INCIPIT

 


 
 
 
Omorka: Firefly Goddessesomorka on March 22nd, 2011 02:22 am (UTC)
Intriguing! Very nice River-voice in the last segment, too.
prochytes: Lukeprochytes on March 22nd, 2011 09:16 am (UTC)
Thank you! I was making a deliberate effort to have River sound most like she does in the series in the last section, as opposed to the (temporary) lucidity imposed by what is going on earlier/later in the fic.
smirnoffmule on March 22nd, 2011 03:06 am (UTC)
There is not a line here that doesn't pack a punch. Both voices - River an the Doctor - are absolutely perfect. I've read this three times right through now and it is not getting old. This is excellent.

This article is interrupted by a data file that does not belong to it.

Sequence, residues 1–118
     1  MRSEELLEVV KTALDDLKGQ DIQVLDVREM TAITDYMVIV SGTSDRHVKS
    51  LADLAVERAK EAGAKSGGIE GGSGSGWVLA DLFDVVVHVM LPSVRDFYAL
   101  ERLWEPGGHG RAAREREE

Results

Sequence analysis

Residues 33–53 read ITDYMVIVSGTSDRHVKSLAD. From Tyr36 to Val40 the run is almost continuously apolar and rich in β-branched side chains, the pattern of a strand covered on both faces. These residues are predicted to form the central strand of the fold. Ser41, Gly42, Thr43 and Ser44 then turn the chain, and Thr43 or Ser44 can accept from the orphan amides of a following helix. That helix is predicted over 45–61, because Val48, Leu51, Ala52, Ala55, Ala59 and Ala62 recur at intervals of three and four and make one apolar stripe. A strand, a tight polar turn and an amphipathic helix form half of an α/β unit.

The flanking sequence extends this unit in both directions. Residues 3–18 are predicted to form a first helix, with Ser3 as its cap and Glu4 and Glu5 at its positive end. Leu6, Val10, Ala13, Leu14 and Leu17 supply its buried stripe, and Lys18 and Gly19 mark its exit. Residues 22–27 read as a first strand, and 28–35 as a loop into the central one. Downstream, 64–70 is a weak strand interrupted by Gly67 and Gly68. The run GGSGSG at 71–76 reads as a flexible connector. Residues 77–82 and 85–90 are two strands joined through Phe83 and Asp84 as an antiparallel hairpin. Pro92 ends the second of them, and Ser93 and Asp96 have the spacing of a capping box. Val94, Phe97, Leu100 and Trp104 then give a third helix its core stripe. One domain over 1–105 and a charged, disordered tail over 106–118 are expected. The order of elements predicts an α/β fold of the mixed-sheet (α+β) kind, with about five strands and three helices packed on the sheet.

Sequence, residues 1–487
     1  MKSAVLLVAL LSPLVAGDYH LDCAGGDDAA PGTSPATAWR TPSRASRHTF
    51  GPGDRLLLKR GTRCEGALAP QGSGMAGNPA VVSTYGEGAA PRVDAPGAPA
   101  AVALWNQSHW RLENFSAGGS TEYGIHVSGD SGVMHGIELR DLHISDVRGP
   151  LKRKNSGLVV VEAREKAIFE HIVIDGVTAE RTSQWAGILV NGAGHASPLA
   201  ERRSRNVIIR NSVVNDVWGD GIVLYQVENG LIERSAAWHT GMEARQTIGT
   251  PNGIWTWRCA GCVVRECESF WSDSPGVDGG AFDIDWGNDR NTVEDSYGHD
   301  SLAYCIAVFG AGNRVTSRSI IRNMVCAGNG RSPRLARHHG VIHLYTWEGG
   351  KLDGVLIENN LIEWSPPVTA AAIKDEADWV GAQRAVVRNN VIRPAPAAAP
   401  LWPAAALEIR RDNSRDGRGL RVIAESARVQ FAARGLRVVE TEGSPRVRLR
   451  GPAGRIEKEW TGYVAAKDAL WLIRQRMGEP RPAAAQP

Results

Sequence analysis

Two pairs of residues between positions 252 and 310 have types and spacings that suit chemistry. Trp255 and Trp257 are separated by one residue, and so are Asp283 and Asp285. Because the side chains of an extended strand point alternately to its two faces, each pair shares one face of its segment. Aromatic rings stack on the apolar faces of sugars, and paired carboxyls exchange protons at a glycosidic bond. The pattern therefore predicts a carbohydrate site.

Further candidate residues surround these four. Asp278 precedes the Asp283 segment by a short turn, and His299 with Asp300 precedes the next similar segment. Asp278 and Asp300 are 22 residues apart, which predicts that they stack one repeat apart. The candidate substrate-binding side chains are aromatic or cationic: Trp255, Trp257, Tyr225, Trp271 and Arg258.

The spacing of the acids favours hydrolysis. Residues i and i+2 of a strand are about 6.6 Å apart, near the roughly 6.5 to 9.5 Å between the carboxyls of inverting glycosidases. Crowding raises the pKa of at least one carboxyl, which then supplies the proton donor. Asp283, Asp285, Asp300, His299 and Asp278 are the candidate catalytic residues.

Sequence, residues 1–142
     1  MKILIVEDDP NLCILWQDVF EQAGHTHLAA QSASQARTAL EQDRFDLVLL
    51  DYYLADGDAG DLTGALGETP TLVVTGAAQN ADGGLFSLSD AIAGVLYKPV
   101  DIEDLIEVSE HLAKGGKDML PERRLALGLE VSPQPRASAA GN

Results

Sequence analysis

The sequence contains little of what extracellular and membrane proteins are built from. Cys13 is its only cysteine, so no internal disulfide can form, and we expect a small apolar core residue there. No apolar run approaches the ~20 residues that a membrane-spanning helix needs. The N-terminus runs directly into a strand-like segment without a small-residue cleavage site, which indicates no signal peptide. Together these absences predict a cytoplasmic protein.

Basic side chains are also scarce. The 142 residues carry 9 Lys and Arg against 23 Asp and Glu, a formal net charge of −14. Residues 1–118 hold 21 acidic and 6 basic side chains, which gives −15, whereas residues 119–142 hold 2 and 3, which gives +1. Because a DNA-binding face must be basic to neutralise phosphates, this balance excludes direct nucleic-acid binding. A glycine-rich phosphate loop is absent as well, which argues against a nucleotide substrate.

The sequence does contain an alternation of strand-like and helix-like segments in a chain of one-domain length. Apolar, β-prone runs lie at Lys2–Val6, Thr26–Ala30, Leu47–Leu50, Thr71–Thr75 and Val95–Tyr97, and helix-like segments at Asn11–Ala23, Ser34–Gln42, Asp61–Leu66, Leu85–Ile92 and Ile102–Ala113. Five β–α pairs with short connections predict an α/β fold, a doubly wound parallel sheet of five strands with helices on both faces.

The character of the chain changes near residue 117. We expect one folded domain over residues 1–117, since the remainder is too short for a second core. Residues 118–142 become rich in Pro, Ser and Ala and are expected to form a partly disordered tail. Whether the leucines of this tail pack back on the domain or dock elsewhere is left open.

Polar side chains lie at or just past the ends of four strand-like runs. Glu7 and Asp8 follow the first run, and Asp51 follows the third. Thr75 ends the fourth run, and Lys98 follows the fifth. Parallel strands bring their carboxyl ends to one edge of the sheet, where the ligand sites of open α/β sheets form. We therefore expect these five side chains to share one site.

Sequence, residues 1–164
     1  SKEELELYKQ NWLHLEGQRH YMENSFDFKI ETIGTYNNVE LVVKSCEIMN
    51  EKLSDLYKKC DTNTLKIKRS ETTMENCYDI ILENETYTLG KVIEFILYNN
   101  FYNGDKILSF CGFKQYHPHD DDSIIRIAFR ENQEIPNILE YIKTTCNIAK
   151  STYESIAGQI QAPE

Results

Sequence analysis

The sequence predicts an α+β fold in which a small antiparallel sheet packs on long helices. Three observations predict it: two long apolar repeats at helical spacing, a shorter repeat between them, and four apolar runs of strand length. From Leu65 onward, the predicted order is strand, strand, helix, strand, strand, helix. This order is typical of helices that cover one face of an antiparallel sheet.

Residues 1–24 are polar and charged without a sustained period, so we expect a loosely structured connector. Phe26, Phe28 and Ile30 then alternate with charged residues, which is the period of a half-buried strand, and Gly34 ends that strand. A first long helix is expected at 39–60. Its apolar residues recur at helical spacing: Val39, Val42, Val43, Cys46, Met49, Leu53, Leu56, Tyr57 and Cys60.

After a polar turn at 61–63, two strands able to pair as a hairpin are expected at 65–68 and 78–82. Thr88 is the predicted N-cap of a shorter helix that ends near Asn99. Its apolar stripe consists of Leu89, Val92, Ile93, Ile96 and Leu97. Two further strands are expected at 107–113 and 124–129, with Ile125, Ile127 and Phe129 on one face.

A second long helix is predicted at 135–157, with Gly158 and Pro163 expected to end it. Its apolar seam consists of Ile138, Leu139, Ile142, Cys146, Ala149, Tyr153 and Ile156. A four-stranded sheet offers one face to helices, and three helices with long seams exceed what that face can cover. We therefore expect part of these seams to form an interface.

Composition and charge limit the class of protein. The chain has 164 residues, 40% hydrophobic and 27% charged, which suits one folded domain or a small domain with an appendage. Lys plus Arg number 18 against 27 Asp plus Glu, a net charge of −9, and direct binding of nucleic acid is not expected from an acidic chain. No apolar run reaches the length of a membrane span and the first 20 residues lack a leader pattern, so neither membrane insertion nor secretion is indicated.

ETA: God, I've just read it again. *Flails*

Edited at 2011-03-22 03:18 am (UTC)
prochytes: Lukeprochytes on March 22nd, 2011 09:21 am (UTC)
Many thanks! I am very pleased that you enjoyed the fic.
daystarsearcher: 10roseloveyousomuchdaystarsearcher on March 22nd, 2011 04:49 am (UTC)
I have absolutely no head for temporal mechanics. But the voices were gorgeous and amazingly spot-on for both of them, so I still enjoyed it a great deal.
prochytes: Lukeprochytes on March 22nd, 2011 09:24 am (UTC)
Thank you! I tried to make it quite dialogue-driven, so that the timey-wimey element was not the only thing going on.
Silver M: spaztenmaldeluxx on March 22nd, 2011 07:55 am (UTC)
Amazing...
Damn, I need to watch Firefly + Serenity again *sighs* XD
prochytes: Lukeprochytes on March 22nd, 2011 09:25 am (UTC)
I am very glad you liked it! Always a good thing to rewatch some Firefly.